How To Mold Antique Car Steering Wheel
As with any normal two piece mold, begin by starting with
a bed of Alumilite’s Synthetic Modeling Clay and pressing
your part (the steering wheel) into the bed of clay. Then
build the clay up to your determined parting line. It
is important to have a very clean and straight parting line
to reduce flash and post clean up of your cast resin piece. So
spend the time necessary to make sure the line where the clay
touches the steering wheel is straight and clean. Then
build your mold box around the part and inside the part to
take up the extra space between the rungs of wheel.
Once you have the part clayed up and the mold box sealed,
mix your silicone rubber and begin to pour. We are using
Dow Corning’s Silastic M-2 mold making rubber for this
part because the undercuts are minimal but we still want great
dimensional stability as well as tear strength. Start
by drizzling the rubber over the steering wheel. This
will wet out the surface of the part and allow the air bubbles
to more freely rise up and away from the surface of the part. If
your part has a lot of undercuts, you may not wish to do this
step. But due to the size of the part and the openness
of the mold box, this process helps to make sure the air releases
from the surface of your part.
Once the critical detailed surface is covered, begin pouring
the bulk of the rubber in the center of the mold box allowing
the silicone to flow naturally over the part until it completely
covers the wheel.
Make sure the liquid rubber covers the part by at
least ¼”-3/8” and make sure your mold box
and inside cavities are not leaking. Allow the rubber
to cure overnight.
Once the rubber has cured, flip the mold over, remove the
mold base, and begin digging all of the clay off of wheel. DO
NOT remove the wheel from the poured silicone rubber mold. The
seal between the mold and wheel is critical in producing a
smooth/clean seam line.
Continue cleaning all of the clay off of the part until absolutely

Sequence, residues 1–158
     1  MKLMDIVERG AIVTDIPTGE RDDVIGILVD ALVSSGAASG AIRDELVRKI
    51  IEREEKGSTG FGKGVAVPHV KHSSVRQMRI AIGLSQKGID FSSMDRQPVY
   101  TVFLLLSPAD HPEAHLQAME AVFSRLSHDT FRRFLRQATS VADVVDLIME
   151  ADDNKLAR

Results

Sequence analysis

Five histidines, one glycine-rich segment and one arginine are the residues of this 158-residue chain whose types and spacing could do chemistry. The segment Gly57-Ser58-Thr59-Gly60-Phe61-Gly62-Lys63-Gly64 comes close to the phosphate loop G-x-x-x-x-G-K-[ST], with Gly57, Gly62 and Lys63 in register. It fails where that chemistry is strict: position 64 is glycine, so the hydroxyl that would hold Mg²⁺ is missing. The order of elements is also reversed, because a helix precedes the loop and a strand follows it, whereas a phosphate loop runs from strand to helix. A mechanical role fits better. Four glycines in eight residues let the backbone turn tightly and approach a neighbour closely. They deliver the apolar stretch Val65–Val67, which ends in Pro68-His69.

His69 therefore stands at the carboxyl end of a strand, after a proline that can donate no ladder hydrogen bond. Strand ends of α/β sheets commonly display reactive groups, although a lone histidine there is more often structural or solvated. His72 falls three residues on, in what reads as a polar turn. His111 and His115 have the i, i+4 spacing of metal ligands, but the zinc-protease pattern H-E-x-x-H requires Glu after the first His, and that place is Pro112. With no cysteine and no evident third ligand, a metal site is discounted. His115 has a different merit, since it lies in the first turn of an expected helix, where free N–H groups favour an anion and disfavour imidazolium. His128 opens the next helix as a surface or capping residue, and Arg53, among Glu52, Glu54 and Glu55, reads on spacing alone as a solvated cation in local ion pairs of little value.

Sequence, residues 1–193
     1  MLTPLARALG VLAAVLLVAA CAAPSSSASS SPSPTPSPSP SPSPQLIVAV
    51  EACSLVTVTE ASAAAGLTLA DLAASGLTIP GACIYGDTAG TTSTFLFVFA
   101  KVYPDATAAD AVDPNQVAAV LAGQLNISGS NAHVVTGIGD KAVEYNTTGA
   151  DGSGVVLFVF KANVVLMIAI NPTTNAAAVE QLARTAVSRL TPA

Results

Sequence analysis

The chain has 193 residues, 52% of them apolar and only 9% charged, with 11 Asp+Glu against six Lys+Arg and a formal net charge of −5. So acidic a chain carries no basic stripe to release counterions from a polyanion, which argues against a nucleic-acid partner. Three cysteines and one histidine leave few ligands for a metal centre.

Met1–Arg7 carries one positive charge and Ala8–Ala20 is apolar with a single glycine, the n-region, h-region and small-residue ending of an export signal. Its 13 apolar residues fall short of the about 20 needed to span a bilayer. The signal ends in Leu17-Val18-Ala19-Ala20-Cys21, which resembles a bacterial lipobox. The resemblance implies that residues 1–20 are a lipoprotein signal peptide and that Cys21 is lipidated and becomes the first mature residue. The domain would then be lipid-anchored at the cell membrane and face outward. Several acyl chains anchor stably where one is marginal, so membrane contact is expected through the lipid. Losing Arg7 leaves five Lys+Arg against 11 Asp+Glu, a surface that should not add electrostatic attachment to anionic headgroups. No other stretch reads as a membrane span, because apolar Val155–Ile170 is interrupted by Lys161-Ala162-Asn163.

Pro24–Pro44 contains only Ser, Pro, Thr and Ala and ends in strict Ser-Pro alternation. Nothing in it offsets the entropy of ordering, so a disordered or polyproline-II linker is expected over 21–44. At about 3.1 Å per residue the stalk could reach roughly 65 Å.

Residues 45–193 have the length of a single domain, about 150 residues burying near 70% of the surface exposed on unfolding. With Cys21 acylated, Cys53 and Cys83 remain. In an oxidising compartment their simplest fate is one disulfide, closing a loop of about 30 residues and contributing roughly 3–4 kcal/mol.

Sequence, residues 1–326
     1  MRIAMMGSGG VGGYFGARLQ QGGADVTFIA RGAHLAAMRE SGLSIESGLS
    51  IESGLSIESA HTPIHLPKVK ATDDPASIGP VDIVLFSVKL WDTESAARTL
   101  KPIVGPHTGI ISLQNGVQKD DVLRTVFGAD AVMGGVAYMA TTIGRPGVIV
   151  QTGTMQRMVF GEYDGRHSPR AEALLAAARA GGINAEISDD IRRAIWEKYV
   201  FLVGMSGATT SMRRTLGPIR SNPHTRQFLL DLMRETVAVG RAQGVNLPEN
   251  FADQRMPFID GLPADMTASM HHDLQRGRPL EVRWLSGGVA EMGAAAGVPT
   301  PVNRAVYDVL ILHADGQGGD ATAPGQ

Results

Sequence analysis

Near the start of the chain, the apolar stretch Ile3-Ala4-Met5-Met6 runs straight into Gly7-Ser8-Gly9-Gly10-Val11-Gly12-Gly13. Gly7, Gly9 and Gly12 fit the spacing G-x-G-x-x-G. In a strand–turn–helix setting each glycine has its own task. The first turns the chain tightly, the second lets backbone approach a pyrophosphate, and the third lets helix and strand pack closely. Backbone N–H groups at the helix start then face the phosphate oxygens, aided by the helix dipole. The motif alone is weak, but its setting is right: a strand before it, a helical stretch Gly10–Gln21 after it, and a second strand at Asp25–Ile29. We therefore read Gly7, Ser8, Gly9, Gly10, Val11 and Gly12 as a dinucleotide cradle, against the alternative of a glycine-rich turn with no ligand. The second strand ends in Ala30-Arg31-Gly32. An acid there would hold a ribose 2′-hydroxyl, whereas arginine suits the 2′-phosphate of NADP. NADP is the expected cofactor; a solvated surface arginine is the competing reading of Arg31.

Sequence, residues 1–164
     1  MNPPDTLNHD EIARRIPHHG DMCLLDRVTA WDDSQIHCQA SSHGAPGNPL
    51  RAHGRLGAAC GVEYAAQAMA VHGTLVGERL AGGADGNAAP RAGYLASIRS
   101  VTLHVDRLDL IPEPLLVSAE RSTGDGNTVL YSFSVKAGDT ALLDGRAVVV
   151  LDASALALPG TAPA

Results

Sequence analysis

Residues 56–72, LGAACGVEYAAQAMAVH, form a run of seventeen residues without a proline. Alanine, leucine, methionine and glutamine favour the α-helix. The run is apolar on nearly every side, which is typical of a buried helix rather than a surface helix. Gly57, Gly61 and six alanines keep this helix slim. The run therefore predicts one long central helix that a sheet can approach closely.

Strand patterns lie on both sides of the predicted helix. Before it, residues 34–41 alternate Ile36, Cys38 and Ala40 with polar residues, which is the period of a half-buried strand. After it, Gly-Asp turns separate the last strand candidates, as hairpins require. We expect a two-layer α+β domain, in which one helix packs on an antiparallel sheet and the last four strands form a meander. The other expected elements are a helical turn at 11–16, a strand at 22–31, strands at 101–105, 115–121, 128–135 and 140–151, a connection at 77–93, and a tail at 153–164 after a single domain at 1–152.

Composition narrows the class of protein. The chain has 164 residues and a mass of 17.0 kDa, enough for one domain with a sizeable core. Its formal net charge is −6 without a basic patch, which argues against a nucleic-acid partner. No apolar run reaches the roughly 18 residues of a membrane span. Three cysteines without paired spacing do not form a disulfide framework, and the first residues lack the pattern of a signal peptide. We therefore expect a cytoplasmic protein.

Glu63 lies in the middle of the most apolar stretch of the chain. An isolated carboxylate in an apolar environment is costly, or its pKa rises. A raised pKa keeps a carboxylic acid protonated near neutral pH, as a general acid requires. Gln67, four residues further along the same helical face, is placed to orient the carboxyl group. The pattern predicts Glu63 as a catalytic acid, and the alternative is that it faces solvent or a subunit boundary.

no clay can be seen. Once all of the clay is cleaned
off, cut locators in the surrounding flange areas of the silicone
rubber that will align the two halves of the mold. Mold
release the entire mold and part with Alumilite’s UMR
release to ensure the two halves of the rubber do not stick
to one another. It is not necessary to mold release the
part but with this piece it would be next to impossible to
cover every bit of the cured silicone without getting some
on the part. Then mix and pour the second half of your
two piece mold.
Once the second half of the mold rubber has cured, remove
mold from the mold base, box, and inner box cavities.
Find the seam line with your fingers and begin separating
the two halves of the mold.
Slowly work the mold apart following the seam line between
the two halves.
The mold will separate cleanly and you will now have a beautiful
two piece mold with locators that will line up the two halves
Now you are ready to prepare the mold for casting.
Using Alumilite’s Key Knife, cut a wedge in the mold
to produce a pour hole for the resin. For cosmetic reasons
cut the half of the mold that will be the back of the steering
This piece will be inserted back into the mold immediately
after the resin has been poured into the mold before it cures.
Using plywood, create a splint that will maintain the dimensional
integrity of the mold and will make for easier handling of
the mold while pouring. Two pieces of wood with holes
drilled so bolts can hold it together work great.
The bolt holes will line up with the holes in the mold
left to take up space and will not interfere or touch the silicone
lease call us toll free if you have any questions
regarding your mold making or casting project. 800 447-9344